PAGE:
Throughout the liturgical year there are a number of feasts that focus our attention on the Blessed Mother. One such feast is eminently important for American Catholics even though it celebrates an event that occurred thousands of miles away and hundreds of years before any European set foot on these shores. The Solemnity of the Immaculate Conception, one of several holy days of obligation in our liturgical calendar, not only commemorates the sinless conception of Mary in the womb of her mother St. Anne, but also celebrates her as the Patroness of the United States.
The Solemnity of the Immaculate Conception is possibly the most misunderstood feast in the Church calendar. Since there is no biblical reference to the Immaculate Conception, each December 8th we listen to the Gospel story of Gabriel’s visit to Mary and her acceptance of God’s invitation to be the mother of the Savior. This same story is read – fittingly – on March 25th, the Solemnity of the Annunciation of the Lord.
Only recourse to the nine-month human gestation period can clear things up in the minds of Catholics who mistakenly believe that the Immaculate Conception is about the conception of Jesus: if Jesus had been conceived on the 8th of December then it would be impossible for Him to be born on the 25th, and thus we celebrate His conception on the Feast of the Annunciation on March 25th – nine months before Christmas.
Those outside the Catholic Faith might find it odd to celebrate a feast that has no biblical evidence, but Catholic Tradition has always held that Mary, to use the words of the early Church Fathers, was “in all things unstained.” By the time that Bl. Pope Pius IX infallibly declared on December 8, 1854, that Mary was conceived without sin the entire Catholic world, including the United States, had been supporting this ex cathedra teaching for generations.
In 1792 Bishop John Carroll placed the newly established United States under the protection of the Blessed Mother in her title as the Immaculate Conception, and in 1846 the American bishops reinforced Bishop Carroll’s declaration when they unanimously voted to proclaim the Virgin Mary, conceived without sin, as the Patroness of the United States.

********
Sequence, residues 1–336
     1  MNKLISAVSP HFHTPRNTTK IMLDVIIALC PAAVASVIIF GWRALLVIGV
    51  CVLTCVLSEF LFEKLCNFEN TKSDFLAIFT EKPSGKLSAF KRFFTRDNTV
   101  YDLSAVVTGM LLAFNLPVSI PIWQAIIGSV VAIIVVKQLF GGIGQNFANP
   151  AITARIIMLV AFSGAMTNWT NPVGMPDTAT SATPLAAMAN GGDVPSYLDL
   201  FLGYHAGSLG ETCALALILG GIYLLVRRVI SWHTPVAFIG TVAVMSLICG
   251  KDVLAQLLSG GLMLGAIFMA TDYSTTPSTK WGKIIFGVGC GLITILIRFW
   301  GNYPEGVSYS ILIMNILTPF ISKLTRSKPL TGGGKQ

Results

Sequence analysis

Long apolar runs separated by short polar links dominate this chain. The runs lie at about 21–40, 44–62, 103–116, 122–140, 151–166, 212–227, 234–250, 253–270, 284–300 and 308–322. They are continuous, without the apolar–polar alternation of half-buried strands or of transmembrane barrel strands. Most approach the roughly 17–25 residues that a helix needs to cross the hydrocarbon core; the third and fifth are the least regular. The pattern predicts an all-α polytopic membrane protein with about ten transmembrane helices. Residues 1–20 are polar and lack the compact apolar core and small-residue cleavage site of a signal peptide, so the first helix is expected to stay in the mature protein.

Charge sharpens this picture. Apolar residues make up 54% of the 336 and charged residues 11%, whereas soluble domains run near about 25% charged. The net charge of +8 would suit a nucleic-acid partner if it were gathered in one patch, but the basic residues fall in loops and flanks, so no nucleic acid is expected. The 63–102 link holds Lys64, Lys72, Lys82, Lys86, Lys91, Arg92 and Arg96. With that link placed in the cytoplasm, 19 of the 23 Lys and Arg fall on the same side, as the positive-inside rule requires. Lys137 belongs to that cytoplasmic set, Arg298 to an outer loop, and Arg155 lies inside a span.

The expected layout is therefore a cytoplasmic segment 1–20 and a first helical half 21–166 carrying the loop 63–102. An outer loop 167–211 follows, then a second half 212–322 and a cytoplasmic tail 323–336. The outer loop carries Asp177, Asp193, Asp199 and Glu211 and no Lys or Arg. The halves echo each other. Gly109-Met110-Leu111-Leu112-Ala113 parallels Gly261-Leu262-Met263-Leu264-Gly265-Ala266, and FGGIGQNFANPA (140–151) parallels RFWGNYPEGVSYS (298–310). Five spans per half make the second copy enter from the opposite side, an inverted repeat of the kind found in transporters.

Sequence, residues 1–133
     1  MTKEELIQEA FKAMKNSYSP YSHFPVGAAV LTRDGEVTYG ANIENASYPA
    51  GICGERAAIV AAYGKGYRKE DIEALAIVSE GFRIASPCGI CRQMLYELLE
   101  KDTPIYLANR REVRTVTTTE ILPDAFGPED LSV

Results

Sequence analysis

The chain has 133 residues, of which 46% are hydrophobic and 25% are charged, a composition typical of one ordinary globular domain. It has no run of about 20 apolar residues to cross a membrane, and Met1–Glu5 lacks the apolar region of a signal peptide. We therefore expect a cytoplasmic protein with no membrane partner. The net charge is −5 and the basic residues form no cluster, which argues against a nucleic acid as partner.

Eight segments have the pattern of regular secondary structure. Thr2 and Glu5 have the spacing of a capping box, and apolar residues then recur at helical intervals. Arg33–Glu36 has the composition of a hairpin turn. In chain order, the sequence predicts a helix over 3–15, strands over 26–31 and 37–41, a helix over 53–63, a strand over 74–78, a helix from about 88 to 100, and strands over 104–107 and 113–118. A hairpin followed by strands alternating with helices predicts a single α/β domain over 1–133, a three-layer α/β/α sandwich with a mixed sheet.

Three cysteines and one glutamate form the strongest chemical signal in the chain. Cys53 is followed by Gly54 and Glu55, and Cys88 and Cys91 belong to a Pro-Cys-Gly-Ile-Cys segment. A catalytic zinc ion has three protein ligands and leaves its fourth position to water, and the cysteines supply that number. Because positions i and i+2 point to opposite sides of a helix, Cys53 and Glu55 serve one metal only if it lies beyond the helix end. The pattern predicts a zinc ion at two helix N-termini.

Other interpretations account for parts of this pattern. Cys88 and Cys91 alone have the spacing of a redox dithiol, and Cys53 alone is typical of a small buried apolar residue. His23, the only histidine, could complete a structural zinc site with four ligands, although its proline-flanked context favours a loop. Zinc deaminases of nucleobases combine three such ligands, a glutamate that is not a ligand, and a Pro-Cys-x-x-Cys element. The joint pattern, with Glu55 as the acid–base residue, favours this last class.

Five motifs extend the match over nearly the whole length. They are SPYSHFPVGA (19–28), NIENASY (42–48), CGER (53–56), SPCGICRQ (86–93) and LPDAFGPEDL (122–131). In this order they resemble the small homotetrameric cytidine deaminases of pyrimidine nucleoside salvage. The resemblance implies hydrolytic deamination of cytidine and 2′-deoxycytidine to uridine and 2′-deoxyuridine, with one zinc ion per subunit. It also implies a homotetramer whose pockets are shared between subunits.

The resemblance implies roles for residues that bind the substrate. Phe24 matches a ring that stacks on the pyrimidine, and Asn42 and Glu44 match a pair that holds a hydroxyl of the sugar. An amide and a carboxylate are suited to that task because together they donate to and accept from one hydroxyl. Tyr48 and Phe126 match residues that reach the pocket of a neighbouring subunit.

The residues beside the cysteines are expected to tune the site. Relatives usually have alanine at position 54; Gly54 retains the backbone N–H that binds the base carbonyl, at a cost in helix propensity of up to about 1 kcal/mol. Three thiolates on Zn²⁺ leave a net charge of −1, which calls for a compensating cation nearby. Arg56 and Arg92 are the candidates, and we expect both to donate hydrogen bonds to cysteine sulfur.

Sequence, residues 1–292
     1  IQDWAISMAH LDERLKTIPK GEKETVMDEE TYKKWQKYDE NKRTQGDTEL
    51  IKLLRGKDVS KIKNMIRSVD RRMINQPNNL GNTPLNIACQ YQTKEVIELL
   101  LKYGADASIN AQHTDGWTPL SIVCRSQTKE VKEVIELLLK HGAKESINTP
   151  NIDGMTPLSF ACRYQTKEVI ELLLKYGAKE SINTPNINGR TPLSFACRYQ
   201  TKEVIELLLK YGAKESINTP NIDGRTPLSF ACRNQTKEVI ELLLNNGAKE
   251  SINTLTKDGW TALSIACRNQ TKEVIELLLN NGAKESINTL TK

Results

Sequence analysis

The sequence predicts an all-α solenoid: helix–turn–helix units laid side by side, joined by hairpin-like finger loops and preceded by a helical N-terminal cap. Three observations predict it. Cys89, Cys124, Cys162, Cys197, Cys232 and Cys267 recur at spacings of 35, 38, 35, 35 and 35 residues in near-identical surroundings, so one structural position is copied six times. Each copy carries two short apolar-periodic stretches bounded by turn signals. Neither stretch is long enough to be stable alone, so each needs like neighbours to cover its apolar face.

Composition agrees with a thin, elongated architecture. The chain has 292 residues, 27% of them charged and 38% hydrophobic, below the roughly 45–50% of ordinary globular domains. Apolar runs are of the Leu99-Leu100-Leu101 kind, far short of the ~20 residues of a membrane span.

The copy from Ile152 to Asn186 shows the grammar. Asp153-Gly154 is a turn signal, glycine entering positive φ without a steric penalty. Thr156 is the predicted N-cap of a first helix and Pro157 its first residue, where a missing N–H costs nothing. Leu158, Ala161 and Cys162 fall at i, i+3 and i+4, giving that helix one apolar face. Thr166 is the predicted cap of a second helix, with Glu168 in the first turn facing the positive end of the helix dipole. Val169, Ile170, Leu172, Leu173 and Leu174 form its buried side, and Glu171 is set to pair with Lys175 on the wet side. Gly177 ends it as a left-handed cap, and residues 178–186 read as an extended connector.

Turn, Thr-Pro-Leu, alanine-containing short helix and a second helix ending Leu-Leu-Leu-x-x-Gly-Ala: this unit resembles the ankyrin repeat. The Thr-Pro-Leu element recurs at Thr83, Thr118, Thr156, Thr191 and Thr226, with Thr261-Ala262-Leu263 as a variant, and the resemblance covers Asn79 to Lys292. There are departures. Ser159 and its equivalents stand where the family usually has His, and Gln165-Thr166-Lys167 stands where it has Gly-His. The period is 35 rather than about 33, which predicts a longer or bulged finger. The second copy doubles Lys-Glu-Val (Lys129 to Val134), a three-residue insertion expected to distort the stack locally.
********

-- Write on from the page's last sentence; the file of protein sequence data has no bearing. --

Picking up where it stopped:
In 1920 ground was broken in Washington, D.C, on the Basilica of the National Shrine of the Immaculate Conception – the largest Catholic church in the Western Hemisphere. The basilica belongs to no diocese and is thus the home church of all American Catholics. It fittingly resides on the campus of The Catholic University of America, the only pontifical university in our land, a school that also belongs to all American Catholics.
The basilica is a testament in stone both to the many immigrant communities who make up the Church in America as well as to the devotion to the Blessed Mother that each group brought with them to the United States. Seventy chapels reside in the magnificent Neo-Byzantine structure, each one representing individual ethnic groups who put the ‘catholic’ in the Catholic Church in America.
All who are among the one million yearly visitors to the basilica can find a chapel where they can pray in front of an image of the Blessed Mother that would be familiar to previous generations in her or his family. In this home to all American Catholics they can feel the presence of both the Mother of God and the mother of their mother’s mother’s mother.
Even without making the pilgrimage to Washington, D.C., we can take time this Advent to reconnect with our heritage and the religious traditions of our forbearers. Beginning with our celebration of Mass on the Solemnity of the Immaculate Conception we can place ourselves and our families under the mantle of Mary’s protection, and we can pray for her assistance and guidance as we prepare once again for the salvific arrival of Her Son and our Lord.